On April 16, John Shipton and Gabriel Shipton, the father and half-brother of WikiLeaks founder Julian Assange, traveled to Tacoma to show the movie “Ithaka,” a 2021 film about Assange’s incarceration told through the eyes of his family.
Assange is currently confined in a prison in the United Kingdom. If he is extradited to the United States, Assange could face a 175-year sentence for allegedly publishing classified documents given to WikiLeaks by former Army intelligence analyst Chelsea Manning.
“Ithaka” was a very good movie that moved me very much. I highly recommend everyone to watch it, but everything I write from now is my personal opinion about the role of the government and Assange’s supposed crimes.
To some, Assange is a journalist who published hundreds of thousands of documents about the U.S. wars in Iraq and Afghanistan, given to him by Manning. To others, he is a criminal for putting classified documents out into the world.
I believe Assange was right to publish those documents and that the U.S. government needs to acknowledge the wrongs it has done.
If the government doesn’t confess its mistakes and punish those who do wrong, there’s no way to know what it’s doing behind our backs. In order for the public to know about it, someone has to take the risk and tell us — someone like Assange. Knowing what the government is doing behind our backs helps us eliminate fraud and keeps our government healthy.
What Assange, who is accused of crimes, did through WikiLeaks was uncover hidden facts that we all should know. He didn’t misinform or exaggerate it — he just laid out the facts. And he didn’t necessarily do it himself; he just gave people the opportunity to do so.
If we have a real problem, it isn’t who exposed the information, it’s the information that was exposed, like the infamous killing of civilians by a U.S. military helicopter. That was a clear crime, in my eyes. If that does not matter and is justified, it shows the ethics and morals of this country. That not being a problem is a problem, and the associated discipline must be reviewed and changed.
Who should be questioned is the person who committed the murder and the person who gave the order, not the person who reported it.
The government does its best to hide its crimes, but, when the crimes are exposed, we shouldn’t let government get away with it. A government made by us and for us must not have that power over us.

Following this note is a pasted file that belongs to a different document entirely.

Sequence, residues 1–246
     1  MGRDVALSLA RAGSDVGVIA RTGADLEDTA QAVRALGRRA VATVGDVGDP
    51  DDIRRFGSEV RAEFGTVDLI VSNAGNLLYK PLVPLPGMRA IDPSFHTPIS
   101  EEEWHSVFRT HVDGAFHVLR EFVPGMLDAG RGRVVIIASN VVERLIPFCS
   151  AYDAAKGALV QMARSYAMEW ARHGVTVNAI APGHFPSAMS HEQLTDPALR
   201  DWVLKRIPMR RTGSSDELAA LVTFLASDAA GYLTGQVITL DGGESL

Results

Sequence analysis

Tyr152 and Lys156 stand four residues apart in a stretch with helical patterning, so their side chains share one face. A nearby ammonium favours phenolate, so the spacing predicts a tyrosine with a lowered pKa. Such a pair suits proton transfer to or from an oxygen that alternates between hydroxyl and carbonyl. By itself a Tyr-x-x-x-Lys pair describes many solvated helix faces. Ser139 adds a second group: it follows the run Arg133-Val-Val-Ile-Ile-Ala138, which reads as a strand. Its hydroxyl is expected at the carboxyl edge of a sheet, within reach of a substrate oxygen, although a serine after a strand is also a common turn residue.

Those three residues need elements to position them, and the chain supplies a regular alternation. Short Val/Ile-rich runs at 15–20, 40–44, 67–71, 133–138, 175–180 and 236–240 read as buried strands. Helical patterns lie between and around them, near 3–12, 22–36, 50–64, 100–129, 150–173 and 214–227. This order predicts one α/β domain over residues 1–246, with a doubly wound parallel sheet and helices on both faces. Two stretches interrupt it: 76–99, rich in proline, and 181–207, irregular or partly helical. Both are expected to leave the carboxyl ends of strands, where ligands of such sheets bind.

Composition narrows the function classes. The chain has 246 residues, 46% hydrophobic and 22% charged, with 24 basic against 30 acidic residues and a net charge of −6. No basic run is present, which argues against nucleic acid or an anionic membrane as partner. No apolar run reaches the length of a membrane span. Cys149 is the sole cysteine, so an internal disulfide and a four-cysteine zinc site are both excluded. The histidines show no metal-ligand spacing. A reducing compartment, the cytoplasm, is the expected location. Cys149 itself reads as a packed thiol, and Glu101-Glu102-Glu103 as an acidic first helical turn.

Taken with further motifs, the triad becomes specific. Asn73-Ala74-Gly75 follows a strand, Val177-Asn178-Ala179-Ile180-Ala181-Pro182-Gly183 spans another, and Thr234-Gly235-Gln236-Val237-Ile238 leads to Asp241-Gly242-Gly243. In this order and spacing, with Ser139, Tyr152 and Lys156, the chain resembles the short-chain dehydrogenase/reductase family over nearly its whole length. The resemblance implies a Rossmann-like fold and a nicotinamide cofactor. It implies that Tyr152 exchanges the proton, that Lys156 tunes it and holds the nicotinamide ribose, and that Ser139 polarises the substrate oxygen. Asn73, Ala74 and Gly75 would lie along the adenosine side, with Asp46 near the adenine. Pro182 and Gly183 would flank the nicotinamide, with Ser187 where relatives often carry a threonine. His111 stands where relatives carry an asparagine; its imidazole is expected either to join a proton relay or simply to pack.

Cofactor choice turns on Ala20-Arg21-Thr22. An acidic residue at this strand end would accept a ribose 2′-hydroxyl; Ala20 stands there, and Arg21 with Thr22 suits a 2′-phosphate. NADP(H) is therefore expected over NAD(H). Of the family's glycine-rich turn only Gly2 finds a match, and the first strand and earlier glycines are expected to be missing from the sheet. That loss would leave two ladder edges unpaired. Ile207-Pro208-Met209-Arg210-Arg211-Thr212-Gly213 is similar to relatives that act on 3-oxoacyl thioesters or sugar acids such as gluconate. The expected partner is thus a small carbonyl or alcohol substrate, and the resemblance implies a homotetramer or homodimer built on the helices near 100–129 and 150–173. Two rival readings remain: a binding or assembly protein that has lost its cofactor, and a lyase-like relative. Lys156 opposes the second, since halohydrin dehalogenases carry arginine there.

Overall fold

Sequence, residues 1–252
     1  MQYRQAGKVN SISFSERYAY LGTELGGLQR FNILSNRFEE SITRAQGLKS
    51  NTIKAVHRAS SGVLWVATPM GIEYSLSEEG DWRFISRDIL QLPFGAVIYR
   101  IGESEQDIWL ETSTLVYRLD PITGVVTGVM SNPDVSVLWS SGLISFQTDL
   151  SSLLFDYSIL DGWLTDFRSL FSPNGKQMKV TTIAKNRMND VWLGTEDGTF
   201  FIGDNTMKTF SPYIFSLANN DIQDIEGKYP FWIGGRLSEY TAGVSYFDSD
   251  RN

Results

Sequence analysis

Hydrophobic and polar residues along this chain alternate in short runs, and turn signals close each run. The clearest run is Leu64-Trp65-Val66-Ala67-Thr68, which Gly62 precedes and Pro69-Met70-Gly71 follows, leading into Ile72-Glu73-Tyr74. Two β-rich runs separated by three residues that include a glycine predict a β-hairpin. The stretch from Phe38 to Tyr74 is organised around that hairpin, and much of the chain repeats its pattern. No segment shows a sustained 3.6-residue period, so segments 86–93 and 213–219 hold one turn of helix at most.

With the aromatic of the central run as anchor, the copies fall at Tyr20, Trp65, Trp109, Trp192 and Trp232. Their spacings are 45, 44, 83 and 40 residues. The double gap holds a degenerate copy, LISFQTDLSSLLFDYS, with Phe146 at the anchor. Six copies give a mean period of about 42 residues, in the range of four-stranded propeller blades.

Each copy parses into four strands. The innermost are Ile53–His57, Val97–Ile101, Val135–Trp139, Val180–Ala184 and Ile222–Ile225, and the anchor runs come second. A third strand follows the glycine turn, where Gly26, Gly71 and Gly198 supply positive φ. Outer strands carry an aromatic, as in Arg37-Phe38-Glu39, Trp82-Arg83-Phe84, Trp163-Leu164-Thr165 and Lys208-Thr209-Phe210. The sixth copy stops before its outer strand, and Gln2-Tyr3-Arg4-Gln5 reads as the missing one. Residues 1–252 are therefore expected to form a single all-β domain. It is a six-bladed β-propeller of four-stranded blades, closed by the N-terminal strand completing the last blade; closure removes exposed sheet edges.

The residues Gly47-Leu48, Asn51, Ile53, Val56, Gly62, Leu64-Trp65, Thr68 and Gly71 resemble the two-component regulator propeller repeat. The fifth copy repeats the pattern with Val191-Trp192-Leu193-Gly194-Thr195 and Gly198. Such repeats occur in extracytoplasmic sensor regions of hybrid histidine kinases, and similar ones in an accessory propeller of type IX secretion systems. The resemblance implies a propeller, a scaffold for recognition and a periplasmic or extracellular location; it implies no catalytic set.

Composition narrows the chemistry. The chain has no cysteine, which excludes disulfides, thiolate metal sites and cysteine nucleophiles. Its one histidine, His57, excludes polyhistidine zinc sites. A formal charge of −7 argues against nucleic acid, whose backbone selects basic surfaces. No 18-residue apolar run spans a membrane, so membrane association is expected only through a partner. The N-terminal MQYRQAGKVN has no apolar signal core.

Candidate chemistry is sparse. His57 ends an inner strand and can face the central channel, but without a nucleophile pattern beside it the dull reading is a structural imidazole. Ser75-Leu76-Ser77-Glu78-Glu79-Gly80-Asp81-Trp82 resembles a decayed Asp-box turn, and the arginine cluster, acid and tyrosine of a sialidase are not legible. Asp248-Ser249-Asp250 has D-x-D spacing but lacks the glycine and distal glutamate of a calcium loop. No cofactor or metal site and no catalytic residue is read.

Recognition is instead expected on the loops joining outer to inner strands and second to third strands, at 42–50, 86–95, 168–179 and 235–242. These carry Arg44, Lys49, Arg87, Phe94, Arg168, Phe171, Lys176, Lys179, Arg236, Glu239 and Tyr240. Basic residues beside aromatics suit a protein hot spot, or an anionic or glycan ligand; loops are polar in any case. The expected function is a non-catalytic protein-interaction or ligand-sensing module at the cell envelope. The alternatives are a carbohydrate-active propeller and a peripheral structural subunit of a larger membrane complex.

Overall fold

Sometimes the government needs to keep secrets from us about national security. Even so, there should be no secrets that would be embarrassing for the public to know. We have not given the government permission to do just anything in our name.
Government represents the people, and it must also represent the values of the American people. We have a right to know what the representatives we have chosen for ourselves are doing, and they are obliged to report to us as our elected representatives. The fewer secrets between us, the better.
The problem is that the government hides a lot of bad things from the public. If we leave it alone, secrets will increase, and the government will take on a life of its own.
That’s why the man who revealed the secrets isn’t the problem. Don’t let Assange be buried for the wrongs of the government.
Above all, don’t let the government take away our freedom of speech and freedom of the press. Manipulating the information we take in — including in educational settings — is the most terrifying thing.
Thinking is brainwashed when information is controlled, because it often changes, gradually and surely.
Corrupt or not, many people believe in government. Therefore, if a crime is done by the government or by using government tools, it can be easily accepted. That happened in many “civilized” countries in the 20th century as well.
I feel like the same thing is happening again, and this time not only by government, but also by corporations and the rich.
If you want to learn more about Assange, his case or how to get involved as a supporter, visit assangedefense.org.
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Carl Nakajima is a vendor for Real Change and previously was an intern for the Advocacy Department. His badge number for Venmo payments is 12468.
Read more of the May 24-30, 2023 issue.